The mechanism of enhanced defecation caused by the ghrelin receptor agonist, ulimorelin

Ruslan Pustovit, Brid Callaghan, Sam KOSARI, Leni Rivera, Helmut Thomas, James Brock, John Furness

Research output: Contribution to journalArticlepeer-review

34 Citations (Scopus)


Background: Discovery of adequate pharmacological treatments for constipation has proven elusive. Increased numbers of bowel movements were reported as a side-effect of ulimorelin treatment of gastroparesis, but there has been no investigation of the site of action. Methods: Anesthetized rats were used to investigate sites and mechanisms of action of ulimorelin. Key Results: Intravenous ulimorelin (1-5 mg/kg) caused a substantial and prolonged (~1 h) increase in colorectal propulsive activity and expulsion of colonic contents. This was prevented by cutting the nerves emerging from the lumbosacral cord, by the nicotinic receptor antagonist hexamethonium and by antagonists of the ghrelin receptor. The effect of intravenous ulimorelin was mimicked by direct application of ulimorelin (5 μg) to the lumbosacral spinal cord. Conclusions & Inferences: Ulimorelin is a potent prokinetic that causes propulsive contractions of the colorectum by activating ghrelin receptors of the lumbosacral defecation centers. Its effects are long-lasting, in contrast with other colokinetics that target ghrelin receptors.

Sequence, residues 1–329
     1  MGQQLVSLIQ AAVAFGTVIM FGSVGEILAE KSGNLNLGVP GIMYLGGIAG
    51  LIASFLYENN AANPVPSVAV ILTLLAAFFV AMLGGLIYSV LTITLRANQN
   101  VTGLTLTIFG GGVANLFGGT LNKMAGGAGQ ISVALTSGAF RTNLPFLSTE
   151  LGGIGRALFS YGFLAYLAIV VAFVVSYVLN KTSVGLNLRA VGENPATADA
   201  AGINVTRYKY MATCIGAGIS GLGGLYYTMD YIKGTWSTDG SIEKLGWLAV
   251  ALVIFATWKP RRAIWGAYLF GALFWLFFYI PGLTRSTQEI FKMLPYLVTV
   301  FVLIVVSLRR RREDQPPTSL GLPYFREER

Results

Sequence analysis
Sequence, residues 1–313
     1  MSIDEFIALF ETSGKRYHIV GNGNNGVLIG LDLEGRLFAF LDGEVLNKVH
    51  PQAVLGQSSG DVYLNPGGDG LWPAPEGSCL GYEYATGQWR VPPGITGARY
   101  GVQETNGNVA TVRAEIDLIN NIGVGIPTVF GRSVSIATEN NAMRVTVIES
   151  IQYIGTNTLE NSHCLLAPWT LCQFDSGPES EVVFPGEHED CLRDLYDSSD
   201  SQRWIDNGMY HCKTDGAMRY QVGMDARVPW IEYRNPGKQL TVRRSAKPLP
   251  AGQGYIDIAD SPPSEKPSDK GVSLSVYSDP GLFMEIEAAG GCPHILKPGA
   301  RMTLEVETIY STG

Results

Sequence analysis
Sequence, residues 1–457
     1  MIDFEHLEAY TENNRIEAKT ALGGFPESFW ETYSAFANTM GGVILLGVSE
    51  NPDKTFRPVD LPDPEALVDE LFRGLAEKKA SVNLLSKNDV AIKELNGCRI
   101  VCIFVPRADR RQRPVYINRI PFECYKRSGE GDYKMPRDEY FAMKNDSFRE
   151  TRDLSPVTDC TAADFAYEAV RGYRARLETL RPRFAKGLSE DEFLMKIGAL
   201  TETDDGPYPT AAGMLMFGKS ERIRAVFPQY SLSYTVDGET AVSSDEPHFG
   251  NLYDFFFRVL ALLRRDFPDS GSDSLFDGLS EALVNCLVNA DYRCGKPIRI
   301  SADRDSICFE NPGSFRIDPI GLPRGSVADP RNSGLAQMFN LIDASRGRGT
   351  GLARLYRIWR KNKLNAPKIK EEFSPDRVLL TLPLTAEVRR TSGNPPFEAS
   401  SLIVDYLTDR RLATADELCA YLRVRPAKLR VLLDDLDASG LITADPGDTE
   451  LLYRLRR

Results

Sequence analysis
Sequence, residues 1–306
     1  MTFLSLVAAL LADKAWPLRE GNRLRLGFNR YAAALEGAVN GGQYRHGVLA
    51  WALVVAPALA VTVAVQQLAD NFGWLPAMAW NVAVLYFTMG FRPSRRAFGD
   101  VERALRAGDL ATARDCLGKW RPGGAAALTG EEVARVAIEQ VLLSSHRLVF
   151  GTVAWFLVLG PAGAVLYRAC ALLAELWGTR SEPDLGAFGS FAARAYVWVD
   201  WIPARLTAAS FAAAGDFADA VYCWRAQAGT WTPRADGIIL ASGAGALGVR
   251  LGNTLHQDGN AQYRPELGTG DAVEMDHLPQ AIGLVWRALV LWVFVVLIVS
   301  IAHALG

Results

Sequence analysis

Original languageEnglish
Pages (from-to)264-271
Number of pages8
JournalNeurogastroenterology and Motility
Issue number2
Publication statusPublished - Feb 2014
Externally publishedYes


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